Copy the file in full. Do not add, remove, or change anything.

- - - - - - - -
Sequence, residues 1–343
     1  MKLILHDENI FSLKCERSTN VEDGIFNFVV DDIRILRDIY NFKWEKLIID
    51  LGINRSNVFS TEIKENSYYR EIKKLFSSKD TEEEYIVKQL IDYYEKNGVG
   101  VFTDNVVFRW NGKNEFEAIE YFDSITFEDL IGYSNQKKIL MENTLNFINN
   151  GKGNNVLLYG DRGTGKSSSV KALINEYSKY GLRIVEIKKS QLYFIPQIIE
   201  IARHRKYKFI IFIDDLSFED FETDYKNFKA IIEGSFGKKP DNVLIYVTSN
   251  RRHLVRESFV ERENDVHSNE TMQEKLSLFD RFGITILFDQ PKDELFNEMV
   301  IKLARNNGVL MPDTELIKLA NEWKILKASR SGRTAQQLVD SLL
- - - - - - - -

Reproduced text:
Sequence, residues 1–343
     1  MKLILHDENI FSLKCERSTN VEDGIFNFVV DDIRILRDIY NFKWEKLIID
    51  LGINRSNVFS TEIKENSYYR EIKKLFSSKD TEEEYIVKQL IDYYEKNGVG
   101  VFTDNVVFRW NGKNEFEAIE YFDSITFEDL IGYSNQKKIL MENTLNFINN
   151  GKGNNVLLYG DRGTGKSSSV KALINEYSKY GLRIVEIKKS QLYFIPQIIE
   201  IARHRKYKFI IFIDDLSFED FETDYKNFKA IIEGSFGKKP DNVLIYVTSN
   251  RRHLVRESFV ERENDVHSNE TMQEKLSLFD RFGITILFDQ PKDELFNEMV
   301  IKLARNNGVL MPDTELIKLA NEWKILKASR SGRTAQQLVD SLL